Making the Case for Serverless Use Cases

For quite some time, there was a running joke that “serverless” was just for converting images to thumbnails. That’s still a great use case for serverless, of course, but since AWS released Lambda in 2014, serverless has definitely come a long way. Even still, newcomers to the space often don’t realize just how many use cases there are for serverless. I spoke with Gareth McCumskey, a Solutions Architect at Serverless Inc, on a recent two part episode (part 1 and part 2) of Serverless Chats, and we discussed nine very applicable use cases that I thought I’d share with you here.

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Verifying self-signed JSON Web Tokens (JWTs) with AWS HTTP APIs

“Trust no one.” Or at least that’s what Fox Mulder told me back in the 90s.

With the recent GA of HTTP APIs for API Gateway, I decided to start evaluating my existing API Gateway REST APIs to see if I could migrate them over to take advantage of the decreased latency and reduced cost of the new HTTP APIs. Several of them were disqualified because they utilize service integrations (a feature that AWS is working to add), but for one of my largest applications, the lack of Custom Authorizers is what brought me to a dead end. Or so I initially thought. 😉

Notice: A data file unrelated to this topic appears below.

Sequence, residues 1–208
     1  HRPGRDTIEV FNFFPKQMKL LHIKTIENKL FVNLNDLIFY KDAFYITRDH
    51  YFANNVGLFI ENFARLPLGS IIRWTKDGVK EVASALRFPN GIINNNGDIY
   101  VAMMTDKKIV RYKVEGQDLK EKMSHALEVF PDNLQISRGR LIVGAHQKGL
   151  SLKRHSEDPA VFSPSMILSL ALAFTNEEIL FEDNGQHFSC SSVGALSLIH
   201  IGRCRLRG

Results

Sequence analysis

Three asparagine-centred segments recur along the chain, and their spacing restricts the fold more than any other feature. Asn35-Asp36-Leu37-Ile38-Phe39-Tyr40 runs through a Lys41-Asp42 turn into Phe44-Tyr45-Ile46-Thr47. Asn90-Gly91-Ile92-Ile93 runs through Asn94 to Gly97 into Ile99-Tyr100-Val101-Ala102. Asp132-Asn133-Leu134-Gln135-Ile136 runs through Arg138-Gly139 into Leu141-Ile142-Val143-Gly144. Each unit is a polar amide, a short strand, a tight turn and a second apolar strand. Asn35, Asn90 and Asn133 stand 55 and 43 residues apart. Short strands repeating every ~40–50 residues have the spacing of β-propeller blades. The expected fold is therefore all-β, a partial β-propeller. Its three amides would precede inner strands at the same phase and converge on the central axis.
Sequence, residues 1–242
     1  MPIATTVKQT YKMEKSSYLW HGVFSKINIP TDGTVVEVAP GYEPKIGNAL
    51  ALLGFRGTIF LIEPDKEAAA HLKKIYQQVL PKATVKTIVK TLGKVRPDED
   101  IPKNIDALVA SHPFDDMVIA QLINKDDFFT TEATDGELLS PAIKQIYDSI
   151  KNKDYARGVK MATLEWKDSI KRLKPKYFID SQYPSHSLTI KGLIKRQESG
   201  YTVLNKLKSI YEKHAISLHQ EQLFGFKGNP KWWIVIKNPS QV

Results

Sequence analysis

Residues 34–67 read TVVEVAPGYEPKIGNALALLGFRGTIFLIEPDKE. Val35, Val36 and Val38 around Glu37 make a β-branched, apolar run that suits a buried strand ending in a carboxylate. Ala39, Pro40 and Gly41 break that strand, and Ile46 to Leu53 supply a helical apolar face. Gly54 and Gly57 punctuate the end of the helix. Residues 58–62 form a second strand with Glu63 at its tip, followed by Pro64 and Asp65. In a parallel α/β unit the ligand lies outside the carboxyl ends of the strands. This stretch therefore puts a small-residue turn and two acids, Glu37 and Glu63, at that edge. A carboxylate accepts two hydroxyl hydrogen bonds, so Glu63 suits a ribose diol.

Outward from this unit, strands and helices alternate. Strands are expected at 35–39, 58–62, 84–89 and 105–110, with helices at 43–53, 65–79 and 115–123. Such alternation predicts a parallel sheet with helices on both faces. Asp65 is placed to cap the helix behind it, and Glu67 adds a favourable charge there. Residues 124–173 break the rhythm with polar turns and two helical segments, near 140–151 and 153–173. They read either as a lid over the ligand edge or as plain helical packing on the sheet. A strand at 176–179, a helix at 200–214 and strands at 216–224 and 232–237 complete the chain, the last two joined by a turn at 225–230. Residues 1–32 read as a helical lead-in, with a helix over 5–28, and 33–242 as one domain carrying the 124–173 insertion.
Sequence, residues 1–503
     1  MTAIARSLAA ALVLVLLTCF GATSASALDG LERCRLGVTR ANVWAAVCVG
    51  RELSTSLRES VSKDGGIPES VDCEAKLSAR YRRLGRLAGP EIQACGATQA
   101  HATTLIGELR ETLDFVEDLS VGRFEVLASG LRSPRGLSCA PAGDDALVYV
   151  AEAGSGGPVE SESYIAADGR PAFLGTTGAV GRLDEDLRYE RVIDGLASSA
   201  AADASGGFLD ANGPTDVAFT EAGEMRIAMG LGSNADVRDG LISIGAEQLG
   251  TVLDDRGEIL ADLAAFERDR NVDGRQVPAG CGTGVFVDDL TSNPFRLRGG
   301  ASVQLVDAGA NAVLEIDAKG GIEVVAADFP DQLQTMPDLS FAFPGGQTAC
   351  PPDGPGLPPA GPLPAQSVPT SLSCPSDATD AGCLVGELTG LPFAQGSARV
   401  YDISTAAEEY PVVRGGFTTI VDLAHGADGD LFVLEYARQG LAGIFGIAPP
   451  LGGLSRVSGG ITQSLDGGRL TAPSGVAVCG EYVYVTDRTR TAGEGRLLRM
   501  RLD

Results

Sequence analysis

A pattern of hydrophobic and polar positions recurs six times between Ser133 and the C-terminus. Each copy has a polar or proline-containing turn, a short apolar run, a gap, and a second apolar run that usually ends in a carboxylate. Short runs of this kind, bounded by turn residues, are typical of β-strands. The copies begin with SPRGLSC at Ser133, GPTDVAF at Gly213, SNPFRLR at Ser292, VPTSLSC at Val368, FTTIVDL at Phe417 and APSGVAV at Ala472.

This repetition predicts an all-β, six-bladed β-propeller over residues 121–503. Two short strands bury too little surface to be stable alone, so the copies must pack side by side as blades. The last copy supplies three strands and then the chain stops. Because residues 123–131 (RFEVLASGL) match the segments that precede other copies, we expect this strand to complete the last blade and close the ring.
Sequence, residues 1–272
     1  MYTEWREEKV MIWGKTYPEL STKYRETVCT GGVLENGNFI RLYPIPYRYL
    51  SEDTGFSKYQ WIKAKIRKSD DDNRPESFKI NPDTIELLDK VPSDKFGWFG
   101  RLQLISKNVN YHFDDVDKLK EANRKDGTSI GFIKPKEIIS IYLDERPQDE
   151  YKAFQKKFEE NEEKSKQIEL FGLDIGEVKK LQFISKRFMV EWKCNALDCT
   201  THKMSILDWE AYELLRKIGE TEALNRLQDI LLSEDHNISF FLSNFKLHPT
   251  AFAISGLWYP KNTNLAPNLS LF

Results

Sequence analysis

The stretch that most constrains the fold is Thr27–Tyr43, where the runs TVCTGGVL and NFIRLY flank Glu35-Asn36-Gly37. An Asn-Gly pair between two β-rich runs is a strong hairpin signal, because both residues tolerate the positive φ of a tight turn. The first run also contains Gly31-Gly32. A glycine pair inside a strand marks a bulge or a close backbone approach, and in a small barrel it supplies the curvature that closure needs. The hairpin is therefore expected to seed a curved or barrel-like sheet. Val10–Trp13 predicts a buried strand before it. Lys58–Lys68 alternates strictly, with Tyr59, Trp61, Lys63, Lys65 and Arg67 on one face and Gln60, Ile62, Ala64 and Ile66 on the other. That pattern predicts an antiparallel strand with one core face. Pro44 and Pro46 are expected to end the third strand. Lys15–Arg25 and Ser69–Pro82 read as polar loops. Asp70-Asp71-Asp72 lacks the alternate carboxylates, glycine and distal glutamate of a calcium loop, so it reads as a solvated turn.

After a bit of research (okay, it was actually several hours because I decided to read through a bunch of specs and blog posts and then run a ton of experiments), it turns out that hosting your own OIDC Conformant “server” to verify self-signed JSON Web Tokens with HTTP APIs is actually quite simple. So as long as you can use JWT for your bearer tokens, you can utilize your existing authentication service (and probably dramatically reduce your latency and cost).

In this post, I’ll show you everything you need to know to set this up yourself. We’ll generate certificates, create our OIDC discovery service, set up our HTTP API authorizers, generate and sign our JWTs, and protect routes with scopes.

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